I still have my first test swatch. It actually does begin with a few rows of garter, but only because the instructions I had were less than great. If I remember correctly, I was knitting some version of twisted garter stitch, not understanding how the needle needed to go into each stitch to purl. But once I figured it out and saw those neat little 'V's stacking up, I was off and running. Bring on a pattern!

Now, don't misinterpret my ambition for skill. The first garment I ever attempted to knit was a hooded sweatshirt found on the back of the label of Bernat acrylic. It was blue variegated yarn and looked awful. Don't even get me started on seaming...I put the pieces together with sewing machine. It's since been frogged from embarrassment, but I'll never forget it.

I moved on to other projects, eventually discovered wool yarn, and created some nice items. However, it took me 6+ years to discover what a wonderful thing garter stitch can be. And I only have Elizabeth Zimmerman to thank. My first project to incorporate the simplest of patterns was the February Baby Sweater I completed earlier this year.

Feburary Baby Sweater

Pattern: February Baby Sweater by Elizabeth Zimmerman, Knitters Almanac
Yarn: Cascade 220 Superwash in Christmas Red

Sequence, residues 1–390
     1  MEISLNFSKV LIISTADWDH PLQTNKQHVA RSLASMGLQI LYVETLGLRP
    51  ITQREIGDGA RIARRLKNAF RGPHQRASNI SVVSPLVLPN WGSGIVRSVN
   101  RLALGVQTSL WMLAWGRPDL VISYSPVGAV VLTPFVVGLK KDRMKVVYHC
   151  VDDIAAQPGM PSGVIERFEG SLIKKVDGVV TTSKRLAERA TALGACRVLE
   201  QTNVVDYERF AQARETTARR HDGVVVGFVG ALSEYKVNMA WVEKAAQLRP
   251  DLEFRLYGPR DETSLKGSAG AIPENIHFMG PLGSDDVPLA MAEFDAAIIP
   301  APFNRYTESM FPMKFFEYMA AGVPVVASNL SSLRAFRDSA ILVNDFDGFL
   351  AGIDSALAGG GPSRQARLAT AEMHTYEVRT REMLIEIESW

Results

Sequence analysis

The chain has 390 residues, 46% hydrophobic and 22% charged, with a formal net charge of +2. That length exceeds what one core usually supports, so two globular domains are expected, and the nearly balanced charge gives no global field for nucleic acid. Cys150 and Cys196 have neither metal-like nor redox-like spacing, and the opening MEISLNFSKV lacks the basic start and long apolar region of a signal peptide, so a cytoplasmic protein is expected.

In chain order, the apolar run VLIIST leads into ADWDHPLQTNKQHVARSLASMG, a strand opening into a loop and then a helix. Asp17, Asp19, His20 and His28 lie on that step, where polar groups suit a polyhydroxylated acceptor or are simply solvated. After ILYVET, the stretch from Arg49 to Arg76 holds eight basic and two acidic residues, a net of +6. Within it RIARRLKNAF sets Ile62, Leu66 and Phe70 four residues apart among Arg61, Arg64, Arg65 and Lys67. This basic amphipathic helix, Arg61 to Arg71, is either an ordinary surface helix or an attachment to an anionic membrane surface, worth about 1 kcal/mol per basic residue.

Needles: Knit Picks Options, size 7
Started: May 14 2008
Finished: May 23, 2008
Photographed: August 9, 2008
Modifications: Knitted sleeves in the round
Ravel it!

I love this sweater. I love how squishy the yoke and cuffs are. I can't wait to have a daughter or niece to give it to. The buttons are a shimmery mother of pearl, which adds just enough glitz to brighten the sweater up perfectly. I had originally intended to enter this into the Michigan State Fair, but my laziness got the better of me and I never submitted the paperwork.

Once bitten by the garter bug, it was hard to stop. EZ can be quite the enabler.

Baby Surprise Jacket

Pattern: Baby Surprise Jacket by Elizabeth Zimmerman, The Opinionated Knitter
Yarn: Wollmeise Sockenwolle 100% superwash in Löwenzahn (Dandelion)
Needles: Knit Picks fixed circular, size 3
Started: June 2008
Finished: August 8, 2008
Photographed: August 8, 2008
Modifications: none
Ravel it!

Every so often as a knitter, you create something inspired. This was my first (hopefully of many). This will be the garment in which I bring home my first child.